Private air travelers rely heavily on fixed-based operators (FBOs) for fuel, maintenance, and other essential services required. But did you know that many FBOs can also help people who need medical flights? In this article, we’ll explore how FBOs work with medical flight operators to ensure all patients get the care they need when traveling by plane.
What Is an FBO?
An FBO is a service center for aircraft that focuses on serving private planes. It may be a private enterprise, airport, or local municipality subsidiary. Since they are separate entities, FBOs are usually located a short distance from the main terminal at major airports.
There are an estimated 5,200 FBOs in the US, including independents and chain operations. Most fixed-base operators own at least one or several aircraft, ranging from helicopters and turbo-props to heavy jets and airliners. FBOs provide vital airport and community access and a continuous, safe aviation fuel supply.
FBOs Are a Hub for Medical Travel
FBOs are an essential component of medical flights. Operating from an FBO ensures patients receive quick and more efficient transportation to an appropriate hospital or medical treatment facility than a commercial flight. In addition, there are no long security lines at an FBO serving private planes. Another advantage is limiting exposure for patients with a high risk of developing complications.
The range of amenities available for passengers will vary and depend on airport size and traffic. Overall, the amenities provide convenience for travelers and flight crews.
Smaller, less busy airports might offer only basic amenities. Meanwhile, larger airports with more traffic might provide a broader range of services and amenities, including restroom facilities, waiting rooms, and communications services. Additional amenities at larger airports might include restaurants, ground transportation, concierge services, in-flight catering, accommodations, lounges, and showers.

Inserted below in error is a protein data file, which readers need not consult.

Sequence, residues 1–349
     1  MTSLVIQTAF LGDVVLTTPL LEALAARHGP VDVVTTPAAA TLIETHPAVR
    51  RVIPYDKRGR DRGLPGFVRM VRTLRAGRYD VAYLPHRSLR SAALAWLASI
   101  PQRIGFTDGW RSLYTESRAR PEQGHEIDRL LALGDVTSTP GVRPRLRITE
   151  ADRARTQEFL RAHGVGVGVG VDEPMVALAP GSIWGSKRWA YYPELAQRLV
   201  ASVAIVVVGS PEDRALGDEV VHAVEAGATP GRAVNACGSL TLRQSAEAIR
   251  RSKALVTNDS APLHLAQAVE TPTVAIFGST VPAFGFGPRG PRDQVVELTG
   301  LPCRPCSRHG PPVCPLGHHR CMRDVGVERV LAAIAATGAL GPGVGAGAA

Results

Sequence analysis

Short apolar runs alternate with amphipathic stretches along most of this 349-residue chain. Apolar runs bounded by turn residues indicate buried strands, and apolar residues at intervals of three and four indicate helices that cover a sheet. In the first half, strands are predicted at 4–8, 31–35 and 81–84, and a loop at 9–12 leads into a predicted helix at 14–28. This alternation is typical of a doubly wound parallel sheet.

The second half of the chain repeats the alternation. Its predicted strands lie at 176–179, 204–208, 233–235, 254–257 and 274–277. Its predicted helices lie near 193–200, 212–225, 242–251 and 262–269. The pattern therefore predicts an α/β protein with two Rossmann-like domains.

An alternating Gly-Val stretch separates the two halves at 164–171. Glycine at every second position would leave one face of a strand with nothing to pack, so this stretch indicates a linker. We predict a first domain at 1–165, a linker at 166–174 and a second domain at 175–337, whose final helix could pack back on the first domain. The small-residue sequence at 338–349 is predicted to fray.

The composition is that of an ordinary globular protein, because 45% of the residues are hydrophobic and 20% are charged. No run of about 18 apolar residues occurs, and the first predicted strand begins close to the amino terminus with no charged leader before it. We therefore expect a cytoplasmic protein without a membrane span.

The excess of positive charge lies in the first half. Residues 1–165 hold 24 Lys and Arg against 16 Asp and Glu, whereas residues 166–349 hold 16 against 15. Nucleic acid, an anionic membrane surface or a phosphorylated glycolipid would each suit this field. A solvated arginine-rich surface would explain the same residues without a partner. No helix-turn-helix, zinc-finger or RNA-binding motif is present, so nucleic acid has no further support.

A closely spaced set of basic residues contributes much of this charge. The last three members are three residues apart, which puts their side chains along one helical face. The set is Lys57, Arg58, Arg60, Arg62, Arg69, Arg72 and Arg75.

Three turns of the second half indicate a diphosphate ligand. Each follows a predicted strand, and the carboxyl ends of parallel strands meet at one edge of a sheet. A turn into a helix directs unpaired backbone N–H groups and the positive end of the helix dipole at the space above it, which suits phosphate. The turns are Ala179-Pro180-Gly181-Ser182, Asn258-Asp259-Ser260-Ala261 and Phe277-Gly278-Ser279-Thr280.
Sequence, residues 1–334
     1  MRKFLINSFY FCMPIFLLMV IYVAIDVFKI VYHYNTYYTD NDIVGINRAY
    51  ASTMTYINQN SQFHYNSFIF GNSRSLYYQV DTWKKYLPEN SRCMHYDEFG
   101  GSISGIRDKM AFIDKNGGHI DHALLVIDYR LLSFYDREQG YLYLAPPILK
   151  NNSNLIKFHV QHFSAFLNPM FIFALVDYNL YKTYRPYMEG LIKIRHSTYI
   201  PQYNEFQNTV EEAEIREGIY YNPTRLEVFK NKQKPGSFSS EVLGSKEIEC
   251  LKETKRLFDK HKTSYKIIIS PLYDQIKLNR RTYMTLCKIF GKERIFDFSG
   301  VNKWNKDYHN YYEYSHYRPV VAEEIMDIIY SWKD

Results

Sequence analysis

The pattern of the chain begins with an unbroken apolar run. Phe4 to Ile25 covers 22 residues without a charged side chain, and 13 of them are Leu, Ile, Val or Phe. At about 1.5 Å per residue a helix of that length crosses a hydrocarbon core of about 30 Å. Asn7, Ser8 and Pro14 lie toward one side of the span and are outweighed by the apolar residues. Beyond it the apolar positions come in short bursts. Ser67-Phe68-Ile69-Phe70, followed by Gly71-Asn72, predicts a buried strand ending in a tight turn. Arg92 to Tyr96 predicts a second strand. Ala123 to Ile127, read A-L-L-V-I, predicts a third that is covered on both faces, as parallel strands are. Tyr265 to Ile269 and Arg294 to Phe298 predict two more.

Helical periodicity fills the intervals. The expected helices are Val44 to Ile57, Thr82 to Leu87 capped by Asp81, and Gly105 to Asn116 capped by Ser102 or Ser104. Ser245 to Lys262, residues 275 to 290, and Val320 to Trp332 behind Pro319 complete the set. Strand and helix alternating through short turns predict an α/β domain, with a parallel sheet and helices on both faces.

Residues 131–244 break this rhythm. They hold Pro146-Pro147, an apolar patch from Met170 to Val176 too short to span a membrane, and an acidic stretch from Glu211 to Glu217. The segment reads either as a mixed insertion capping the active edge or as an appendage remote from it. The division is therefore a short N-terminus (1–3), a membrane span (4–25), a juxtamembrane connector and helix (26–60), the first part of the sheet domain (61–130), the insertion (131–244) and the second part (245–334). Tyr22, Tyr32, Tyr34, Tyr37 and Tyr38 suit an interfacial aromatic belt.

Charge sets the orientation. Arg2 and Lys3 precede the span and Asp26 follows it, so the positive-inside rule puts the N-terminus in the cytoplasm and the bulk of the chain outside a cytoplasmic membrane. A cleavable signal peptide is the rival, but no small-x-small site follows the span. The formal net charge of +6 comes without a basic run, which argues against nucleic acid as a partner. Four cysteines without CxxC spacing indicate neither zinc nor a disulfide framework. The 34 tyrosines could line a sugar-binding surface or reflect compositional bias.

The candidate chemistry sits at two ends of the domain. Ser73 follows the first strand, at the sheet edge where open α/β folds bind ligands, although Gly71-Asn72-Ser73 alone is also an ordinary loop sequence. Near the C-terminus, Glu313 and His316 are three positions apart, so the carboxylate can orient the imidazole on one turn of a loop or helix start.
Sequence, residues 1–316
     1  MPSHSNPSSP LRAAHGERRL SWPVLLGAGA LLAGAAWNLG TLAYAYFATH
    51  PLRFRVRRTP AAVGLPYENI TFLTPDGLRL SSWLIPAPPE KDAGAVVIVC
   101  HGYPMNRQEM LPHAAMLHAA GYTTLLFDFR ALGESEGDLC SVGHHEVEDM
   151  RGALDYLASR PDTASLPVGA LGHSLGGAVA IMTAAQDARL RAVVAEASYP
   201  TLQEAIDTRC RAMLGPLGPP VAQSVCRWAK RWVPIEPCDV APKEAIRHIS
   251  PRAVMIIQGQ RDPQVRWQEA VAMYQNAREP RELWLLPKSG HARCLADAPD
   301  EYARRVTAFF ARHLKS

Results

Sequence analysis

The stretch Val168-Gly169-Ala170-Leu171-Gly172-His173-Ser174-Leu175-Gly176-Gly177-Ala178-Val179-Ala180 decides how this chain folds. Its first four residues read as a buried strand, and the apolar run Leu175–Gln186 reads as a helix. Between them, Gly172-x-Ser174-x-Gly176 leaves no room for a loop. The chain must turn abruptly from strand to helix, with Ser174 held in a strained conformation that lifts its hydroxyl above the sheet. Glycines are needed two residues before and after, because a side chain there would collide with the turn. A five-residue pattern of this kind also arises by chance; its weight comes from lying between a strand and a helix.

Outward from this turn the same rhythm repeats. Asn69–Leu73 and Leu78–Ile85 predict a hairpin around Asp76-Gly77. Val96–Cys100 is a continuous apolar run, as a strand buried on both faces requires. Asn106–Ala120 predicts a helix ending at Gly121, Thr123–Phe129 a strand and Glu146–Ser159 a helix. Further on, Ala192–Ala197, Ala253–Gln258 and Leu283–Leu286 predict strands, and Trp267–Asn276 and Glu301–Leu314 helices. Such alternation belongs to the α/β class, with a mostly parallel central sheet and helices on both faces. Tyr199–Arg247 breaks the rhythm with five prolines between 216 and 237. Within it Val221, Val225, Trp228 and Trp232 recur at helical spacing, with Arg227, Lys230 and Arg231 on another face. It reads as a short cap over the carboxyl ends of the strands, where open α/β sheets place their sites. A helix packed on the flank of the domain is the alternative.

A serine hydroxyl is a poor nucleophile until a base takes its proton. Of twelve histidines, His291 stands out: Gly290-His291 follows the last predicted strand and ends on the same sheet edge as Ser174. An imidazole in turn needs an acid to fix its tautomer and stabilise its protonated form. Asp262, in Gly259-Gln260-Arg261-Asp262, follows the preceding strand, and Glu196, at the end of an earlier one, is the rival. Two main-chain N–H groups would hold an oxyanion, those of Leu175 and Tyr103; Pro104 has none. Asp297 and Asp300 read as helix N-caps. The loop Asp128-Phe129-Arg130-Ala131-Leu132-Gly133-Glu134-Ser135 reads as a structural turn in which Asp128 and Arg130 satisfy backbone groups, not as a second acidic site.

“Byerly Aviation, our local FBO in Peoria, Illinois, even provides a steady supply of cookies, popcorn, and ice tea to travelers,” says Lindsey Kerr, Executive Director of LifeLine Pilots. “These small gestures make flying in private airplanes more soothing for people coping with complex medical concerns.”
Fast Boarding and Check-In Process
FBO clients can skip the usual security and check-in procedures, including the long lines found with commercial flying. Often the only requirement is to show your ID to a pilot or flight crew member.
Refueling is crucial and one of the main advantages of FBOs. Many FBOs have several fuel options available.
FBOs also offer various aircraft services, including cleaning and repairs. In addition, many FBOs employ professional mechanics that are ready to service your plane appropriately. Of course, not all FBOs will offer these varying amenities, but the majority of the larger ones do.
Fixed base operators often offer parking services to pilots to ensure they can stay and relax when needed. Parking fees and various other fees may apply.
Frequently, FBOs make significant contributions to medical travel. For example, Signature Flight Support at Rochester International Airport waives all airport fees and offers fuel discounts for medical travel pilots. They also coordinate hotel reservations and ground transportation services if requested.
The discounts offered by FBOs are essential to volunteer pilot organizations like LifeLine Pilots. Volunteer pilots donate their time, expertise, the use of their aircraft, and all of the expenses necessary to ensure that a sick passenger can receive limitless flights to access care, regardless of the distance from home.
“FBOs are essential to our medical and humanitarian flights,” says Kerr. “Our pilots donate millions of dollars annually to fly passengers to medical care. The discounted fuel and waived fees allow pilots to fly even more!”
Help Us Ensure Everyone Can Access Medical Care
LifeLine Pilots receives no government funding. Instead, volunteer pilots support LifeLine Pilots by giving millions in donated flight time and planes ($1.6 million last year alone!).
The flights serve people who need medical travel and humanitarian assistance. For example, LifeLine Pilots flies people to be with dying or terminally ill loved ones. The organization also provides transportation services for families to stay at a Ronald McDonald House to visit sick children receiving treatments and works with refugee organizations to offer relocation services for survivors of domestic abuse or human trafficking.
LifeLine Pilots is able to make these flights available to people in need through the generosity of individuals, businesses —like FBOs — and foundations. There are so many ways you can help. Your cash or crypto contribution, donations from shopping at AmazonSmile, or even your time as a volunteer can ensure that a person gets the healthcare they need.